I’ve been reading up on the alleged untapped traffic resource that is YouTube… For those of you who don’t know, YouTube is actually the second largest search engine next to Google, which means there’s a huge potential in video marketing for most any business. Here’s the rub: Traditional SEO will only get you so far when it comes to ranking video content, leaving the question, how do I get my YouTube video a top ranking on Google? I’m about to find out so by all means, feel free to accompany me on the journey. The ultimate goal of all this is to hopefully identify and implement an “easy” way to get new multimedia clients without having to actively “sell” anyone in the traditional sense. Here’s how:
Yesterday, I posted a short video on YouTube featuring a local law office here in North County, San Diego.
Now, right off the bat I’m a little short because most of what I’ve read about ranking YouTube videos on Google recommends a video of at least five minutes long, but I’m a little reluctant to create a five minute video for someone who isn’t yet a paying customer. This is where the “easy” way of getting new clients comes in (hopefully). The idea behind this little video SEO experiment is as follows:
1. Identify solid potential clients who will benefit from video marketing and can afford to pay for it.
2. Identify the relevant keywords germane to the potential client’s business. In this case, I selected “San Diego Employment Lawyer”.
3. Gather content on your client via places like Yelp, Facebook and/or their website in order to make a brief promotional video or slideshow. I went and did a quick slider shot of the client’s office since it was close to home, but you can likely get away with just using assets found online.
4. Get the video on page #1 of Google!
5. Once the video is ranked on page 1, THEN contact the client via email with a subject line stating something to the effect of, “Your video is now ranked on page 1 of Google and it looks great.”
6. Included in that email will be the attached screenshot from Google AdWords demonstrating the “value” of the keywords targeted by the video, and how many hits they receive on an average monthly basis. Now it’s just as simple as asking the question, “Are you interested in retaining these “x” number of monthly views on your business?” If they are, great… Negotiate your price. If not, simply take the video down and move on to the next one.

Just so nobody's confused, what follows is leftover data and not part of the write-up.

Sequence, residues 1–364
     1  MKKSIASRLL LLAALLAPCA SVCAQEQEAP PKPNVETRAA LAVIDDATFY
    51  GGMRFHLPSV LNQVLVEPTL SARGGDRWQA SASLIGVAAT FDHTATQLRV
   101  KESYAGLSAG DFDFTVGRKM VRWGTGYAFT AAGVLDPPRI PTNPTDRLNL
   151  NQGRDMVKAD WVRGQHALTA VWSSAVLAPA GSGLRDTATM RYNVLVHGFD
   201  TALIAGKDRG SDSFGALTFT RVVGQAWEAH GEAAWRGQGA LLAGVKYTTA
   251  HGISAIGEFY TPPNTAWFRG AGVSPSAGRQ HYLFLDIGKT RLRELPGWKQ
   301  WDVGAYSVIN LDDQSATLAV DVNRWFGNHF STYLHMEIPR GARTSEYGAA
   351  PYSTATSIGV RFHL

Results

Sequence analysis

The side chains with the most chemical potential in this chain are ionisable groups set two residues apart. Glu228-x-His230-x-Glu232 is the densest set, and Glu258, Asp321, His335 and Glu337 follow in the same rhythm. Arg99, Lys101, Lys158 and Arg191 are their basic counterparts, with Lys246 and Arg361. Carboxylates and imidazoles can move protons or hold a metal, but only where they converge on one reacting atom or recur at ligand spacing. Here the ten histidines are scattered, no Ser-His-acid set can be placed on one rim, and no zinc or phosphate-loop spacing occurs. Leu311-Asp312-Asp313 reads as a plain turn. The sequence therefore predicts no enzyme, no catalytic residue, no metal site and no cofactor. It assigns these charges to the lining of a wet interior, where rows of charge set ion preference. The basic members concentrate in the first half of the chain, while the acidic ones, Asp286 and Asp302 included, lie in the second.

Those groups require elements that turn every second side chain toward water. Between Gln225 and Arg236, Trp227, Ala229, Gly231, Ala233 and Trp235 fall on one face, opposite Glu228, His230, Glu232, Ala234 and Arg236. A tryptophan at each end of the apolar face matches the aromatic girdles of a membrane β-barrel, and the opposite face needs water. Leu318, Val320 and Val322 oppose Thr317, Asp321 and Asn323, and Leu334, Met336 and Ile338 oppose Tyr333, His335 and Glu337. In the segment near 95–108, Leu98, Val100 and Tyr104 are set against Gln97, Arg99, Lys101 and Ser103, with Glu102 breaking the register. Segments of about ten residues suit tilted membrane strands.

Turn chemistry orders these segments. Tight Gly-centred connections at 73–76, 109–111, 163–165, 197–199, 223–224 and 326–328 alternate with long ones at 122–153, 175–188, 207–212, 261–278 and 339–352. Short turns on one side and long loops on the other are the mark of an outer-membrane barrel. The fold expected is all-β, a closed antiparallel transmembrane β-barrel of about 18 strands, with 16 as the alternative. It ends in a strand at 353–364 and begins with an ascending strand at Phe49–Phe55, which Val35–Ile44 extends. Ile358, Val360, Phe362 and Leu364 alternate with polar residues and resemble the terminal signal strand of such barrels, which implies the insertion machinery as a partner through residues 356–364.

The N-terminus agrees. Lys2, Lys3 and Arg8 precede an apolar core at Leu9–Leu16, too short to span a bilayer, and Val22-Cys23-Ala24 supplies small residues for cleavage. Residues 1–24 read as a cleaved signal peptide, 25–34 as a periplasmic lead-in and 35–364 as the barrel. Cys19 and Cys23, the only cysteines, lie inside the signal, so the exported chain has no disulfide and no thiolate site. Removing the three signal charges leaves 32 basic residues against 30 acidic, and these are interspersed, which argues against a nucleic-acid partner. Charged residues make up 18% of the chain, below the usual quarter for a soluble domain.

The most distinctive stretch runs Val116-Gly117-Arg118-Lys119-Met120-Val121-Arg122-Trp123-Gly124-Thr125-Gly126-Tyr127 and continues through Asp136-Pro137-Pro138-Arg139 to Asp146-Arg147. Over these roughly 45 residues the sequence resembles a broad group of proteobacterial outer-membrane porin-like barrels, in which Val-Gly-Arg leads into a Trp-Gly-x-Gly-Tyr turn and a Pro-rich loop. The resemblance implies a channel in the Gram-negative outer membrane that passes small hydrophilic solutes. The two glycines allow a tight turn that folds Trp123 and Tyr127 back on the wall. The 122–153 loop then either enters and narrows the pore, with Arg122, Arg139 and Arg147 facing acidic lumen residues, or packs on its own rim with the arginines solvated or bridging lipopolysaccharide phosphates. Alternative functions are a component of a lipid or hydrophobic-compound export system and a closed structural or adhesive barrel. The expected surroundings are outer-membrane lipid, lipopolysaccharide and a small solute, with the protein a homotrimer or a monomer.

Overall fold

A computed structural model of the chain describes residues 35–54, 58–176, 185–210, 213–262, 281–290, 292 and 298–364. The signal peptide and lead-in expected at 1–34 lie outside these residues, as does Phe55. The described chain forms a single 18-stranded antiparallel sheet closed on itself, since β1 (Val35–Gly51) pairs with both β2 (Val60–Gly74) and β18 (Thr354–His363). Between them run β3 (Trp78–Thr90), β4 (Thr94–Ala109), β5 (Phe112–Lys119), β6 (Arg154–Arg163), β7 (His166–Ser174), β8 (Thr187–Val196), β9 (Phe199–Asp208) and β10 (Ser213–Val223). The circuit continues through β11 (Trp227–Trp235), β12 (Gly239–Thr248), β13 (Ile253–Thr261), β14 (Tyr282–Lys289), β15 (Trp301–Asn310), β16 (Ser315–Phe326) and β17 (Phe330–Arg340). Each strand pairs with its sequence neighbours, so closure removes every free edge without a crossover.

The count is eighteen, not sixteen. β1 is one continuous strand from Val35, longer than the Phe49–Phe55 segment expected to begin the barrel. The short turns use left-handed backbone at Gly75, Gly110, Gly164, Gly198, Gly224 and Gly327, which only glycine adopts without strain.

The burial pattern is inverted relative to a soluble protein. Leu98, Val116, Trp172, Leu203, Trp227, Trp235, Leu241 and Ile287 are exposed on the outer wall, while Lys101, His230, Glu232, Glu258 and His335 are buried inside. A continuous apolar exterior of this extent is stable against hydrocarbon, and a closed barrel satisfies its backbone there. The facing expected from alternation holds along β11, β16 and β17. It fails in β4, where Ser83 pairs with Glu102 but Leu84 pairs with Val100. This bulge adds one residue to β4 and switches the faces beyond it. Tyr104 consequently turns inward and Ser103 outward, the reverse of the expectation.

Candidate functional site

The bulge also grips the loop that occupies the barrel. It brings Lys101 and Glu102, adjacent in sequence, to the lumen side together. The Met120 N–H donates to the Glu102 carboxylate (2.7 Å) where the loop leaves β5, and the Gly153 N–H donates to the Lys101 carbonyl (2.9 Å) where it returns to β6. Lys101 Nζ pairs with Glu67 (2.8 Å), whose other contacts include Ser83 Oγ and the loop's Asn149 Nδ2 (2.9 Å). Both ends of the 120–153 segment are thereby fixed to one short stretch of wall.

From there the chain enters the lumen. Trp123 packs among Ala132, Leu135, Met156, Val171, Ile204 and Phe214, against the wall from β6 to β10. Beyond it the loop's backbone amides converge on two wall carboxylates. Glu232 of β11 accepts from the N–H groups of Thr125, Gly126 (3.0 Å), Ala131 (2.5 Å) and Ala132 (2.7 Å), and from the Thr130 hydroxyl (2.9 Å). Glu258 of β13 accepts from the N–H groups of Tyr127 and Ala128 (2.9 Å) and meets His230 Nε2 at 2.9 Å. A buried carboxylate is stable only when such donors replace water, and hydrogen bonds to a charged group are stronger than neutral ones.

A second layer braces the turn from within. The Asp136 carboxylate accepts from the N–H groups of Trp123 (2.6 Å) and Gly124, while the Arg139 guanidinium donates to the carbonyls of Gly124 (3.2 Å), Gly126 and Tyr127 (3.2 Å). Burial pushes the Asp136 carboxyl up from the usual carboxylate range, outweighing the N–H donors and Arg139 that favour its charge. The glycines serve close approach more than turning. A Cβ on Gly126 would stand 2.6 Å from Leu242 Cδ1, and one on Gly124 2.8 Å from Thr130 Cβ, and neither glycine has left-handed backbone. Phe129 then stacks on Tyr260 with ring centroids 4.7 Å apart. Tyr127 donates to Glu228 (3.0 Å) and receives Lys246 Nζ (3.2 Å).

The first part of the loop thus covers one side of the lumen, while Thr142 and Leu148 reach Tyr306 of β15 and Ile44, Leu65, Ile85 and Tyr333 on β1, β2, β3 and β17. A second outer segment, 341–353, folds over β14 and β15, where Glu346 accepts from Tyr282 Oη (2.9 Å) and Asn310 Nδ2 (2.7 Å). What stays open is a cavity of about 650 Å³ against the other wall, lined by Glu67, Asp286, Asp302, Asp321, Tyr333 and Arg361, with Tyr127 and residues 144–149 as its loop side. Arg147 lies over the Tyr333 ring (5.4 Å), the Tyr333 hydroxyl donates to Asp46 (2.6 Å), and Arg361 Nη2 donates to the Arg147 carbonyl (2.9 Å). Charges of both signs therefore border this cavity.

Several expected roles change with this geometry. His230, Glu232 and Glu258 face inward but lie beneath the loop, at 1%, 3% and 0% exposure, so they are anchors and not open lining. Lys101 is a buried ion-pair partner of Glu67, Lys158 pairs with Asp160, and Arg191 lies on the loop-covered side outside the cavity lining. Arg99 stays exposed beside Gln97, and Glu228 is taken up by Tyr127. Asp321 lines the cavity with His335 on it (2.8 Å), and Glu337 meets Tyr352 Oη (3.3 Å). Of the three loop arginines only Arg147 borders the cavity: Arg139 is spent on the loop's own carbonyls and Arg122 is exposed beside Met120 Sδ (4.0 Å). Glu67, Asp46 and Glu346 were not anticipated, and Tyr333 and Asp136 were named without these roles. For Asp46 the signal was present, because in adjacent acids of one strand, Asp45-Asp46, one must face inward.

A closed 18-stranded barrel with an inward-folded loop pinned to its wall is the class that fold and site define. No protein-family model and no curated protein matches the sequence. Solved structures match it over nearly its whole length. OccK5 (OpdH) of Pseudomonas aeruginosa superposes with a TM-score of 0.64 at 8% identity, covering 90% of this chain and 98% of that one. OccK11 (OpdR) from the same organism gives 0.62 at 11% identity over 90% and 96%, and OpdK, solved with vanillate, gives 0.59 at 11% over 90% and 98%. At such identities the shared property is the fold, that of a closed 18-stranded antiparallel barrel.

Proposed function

According to Google, the targeted keyword averages 210 searches per month, which is actually a little low compared to examples found in my research, where an average 300 hits or more is recommended. This, like the short run-time of the video, are two variables I’ll have to keep an eye on should my initial bid to get this video ranked fall short.
Now… The nuts and bolts of getting our video ranked because if we can’t do that, the rest of it doesn’t even matter.
1. Make a good video. Viewer retention, “likes” and “shares” are the most powerful tool in ranking video. Short or not, make the best product you can as the circumstances permit.
2. Make sure the file name of your video is comprised of your targeted keywords, e.g., “san_diego_employment_lawyer.mp4”, and make this the title of the YouTube post as well (without the file extension).
3. Include a couple-hundred words in the video description which repeat the keywords at least twice, but not so much that it looks like you’re keyword “stuffing”.
4. Share your video using your social media outlets like Facebook, Twitter, et al.
5. Post a link to your video in an appropriate manner on sites like Quora and other online forums catering to the subject matter contained in your presentation.
6. Post the video on your own blog like I’m doing here 😉
7. Tag your video appropriately within YouTube, using your keywords as the first tag.
8. Tag your video with the names of some of your top competitors already in the top ten on Google.
I’m pretty optimistic regarding this process because a video I did for the Last Chance at Life Animal Rescue in Oceanside is ranked on page 1 of Google, and I didn’t do ANYTHING for that video other than name it accordingly. It’s currently the last link on page one, but since doing all this research I made a bunch of changes to the video today. It will be interesting to see if it advances up the ranks based on some of the implementations described above.
Hopefully that gives you enough to get started on your own video SEO adventure… I’ll be documenting my findings every step of the way so be sure to check back for updates and in the meantime, if you have any questions, feel free to hit me up.